The information on this page will help you get a feel for living in Perth, how to arrange accommodation, how much money you will need to support yourself (and any dependents), and where you can go to socialise and make friends.
It is a requirement of the Department of Immigration and Border Protection that, from 1 July 2012, prospective overseas students will need to demonstrate that they have access to finances to fund their living costs in Australia.
More information about studying in Australia is available from the Australian Government’s Study in Australia website:
There is a lot to consider when planning accommodation in a new country. The Australian Government’s Study in Australia website provides helpful tips about searching for accommodation.
Homestay provides a cultural exchange between you and a local family or individual (called a host). You live as a guest in the host’s home. Unlike many other accommodation options, you do not need to pay a bond, find furniture, sign a lease or search for a property.
Living in a supportive family environment, you are provided with a clean, furnished room which includes items like a bed, desk, wardrobe, chair and a study lamp, access to bathroom and laundry facilities and meal services. Utilities (electricity, gas and water etc.) are also included.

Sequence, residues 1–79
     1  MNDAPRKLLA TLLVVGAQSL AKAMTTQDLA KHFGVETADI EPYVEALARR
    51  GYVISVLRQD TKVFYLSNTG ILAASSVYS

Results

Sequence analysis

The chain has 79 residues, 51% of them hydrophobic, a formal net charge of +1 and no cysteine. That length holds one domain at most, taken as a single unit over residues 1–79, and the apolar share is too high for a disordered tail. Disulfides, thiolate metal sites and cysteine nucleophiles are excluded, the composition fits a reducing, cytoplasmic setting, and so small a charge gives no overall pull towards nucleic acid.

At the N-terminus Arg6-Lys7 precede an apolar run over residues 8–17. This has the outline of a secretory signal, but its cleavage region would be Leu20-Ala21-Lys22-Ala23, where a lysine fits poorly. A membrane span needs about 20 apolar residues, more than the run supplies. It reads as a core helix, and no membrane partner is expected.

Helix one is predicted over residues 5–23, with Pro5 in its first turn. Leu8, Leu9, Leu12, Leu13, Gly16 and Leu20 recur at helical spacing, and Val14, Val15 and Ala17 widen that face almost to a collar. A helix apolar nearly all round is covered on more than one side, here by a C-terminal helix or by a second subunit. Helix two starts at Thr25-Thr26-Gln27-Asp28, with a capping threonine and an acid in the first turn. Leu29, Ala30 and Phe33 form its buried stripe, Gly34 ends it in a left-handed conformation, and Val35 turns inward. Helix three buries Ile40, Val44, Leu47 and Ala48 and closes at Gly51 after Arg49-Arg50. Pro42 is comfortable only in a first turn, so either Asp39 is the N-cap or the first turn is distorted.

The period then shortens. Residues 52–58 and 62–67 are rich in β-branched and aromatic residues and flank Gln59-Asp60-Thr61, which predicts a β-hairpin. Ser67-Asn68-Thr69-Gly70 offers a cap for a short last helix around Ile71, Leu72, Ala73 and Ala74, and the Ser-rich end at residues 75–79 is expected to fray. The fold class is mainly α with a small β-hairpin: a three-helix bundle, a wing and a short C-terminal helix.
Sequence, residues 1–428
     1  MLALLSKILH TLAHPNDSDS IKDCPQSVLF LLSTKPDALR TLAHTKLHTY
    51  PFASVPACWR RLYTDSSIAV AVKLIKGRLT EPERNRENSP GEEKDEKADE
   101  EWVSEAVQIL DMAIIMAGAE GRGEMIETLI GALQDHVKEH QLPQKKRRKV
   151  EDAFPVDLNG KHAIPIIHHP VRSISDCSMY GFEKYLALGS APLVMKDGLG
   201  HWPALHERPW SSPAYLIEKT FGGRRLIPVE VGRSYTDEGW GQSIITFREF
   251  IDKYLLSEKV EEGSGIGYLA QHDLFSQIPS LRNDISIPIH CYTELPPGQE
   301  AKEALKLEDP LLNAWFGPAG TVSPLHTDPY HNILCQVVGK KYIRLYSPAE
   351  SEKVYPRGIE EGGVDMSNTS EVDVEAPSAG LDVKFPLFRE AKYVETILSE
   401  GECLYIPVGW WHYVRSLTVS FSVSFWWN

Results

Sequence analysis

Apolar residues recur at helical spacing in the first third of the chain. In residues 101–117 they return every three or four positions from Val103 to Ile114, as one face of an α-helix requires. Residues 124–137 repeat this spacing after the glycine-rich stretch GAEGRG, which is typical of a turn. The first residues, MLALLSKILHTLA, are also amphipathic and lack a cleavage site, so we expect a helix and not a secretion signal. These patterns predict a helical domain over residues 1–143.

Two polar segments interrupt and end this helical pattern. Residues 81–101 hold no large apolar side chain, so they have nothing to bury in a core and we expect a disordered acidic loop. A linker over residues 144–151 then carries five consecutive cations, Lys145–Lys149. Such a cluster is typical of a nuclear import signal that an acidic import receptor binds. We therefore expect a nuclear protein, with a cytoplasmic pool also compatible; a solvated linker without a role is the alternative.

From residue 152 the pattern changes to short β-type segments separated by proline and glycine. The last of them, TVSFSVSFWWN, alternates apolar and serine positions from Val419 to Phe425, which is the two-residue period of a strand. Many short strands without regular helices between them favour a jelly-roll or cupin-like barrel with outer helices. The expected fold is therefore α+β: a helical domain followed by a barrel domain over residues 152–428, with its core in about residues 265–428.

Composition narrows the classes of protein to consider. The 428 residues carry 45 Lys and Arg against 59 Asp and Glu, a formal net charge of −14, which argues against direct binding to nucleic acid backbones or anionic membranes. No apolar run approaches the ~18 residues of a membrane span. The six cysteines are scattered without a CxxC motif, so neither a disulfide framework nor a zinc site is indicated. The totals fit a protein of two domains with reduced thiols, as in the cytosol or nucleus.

Hosts offer ongoing support and can show you around the local area or orient you about nearby facilities such as banks, post offices, shops and public transport.
CIC’s preferred homestay provider is Australian Homestay Network (AHN).
To find out more, visit: www.homestaynetwork.org
For any general homestay inquiries, you may opt to contact them directly through this email address: firstname.lastname@example.org
AHN students are covered by insurance and have a 24/7 emergency phone help. The minimum stay is four weeks.
After you arrive at Perth Airport, you need to have a place to stay even for a short time. Arranging short-term accommodation, at least for the first month, should give you enough time to settle in. Costs can vary depending on your budget. Utilities such as electricity, gas and water are usually included in most of these temporary accommodation arrangements:
As an international student, you might prefer to stay at a private rental property. Consider the following when making your selection:
• find affordable and safe accommodation close to campus
• get access to a private rental database
• estimate the costs of bond, rent, utilities and maintenance
• understand your rights and responsibilities as a tenant.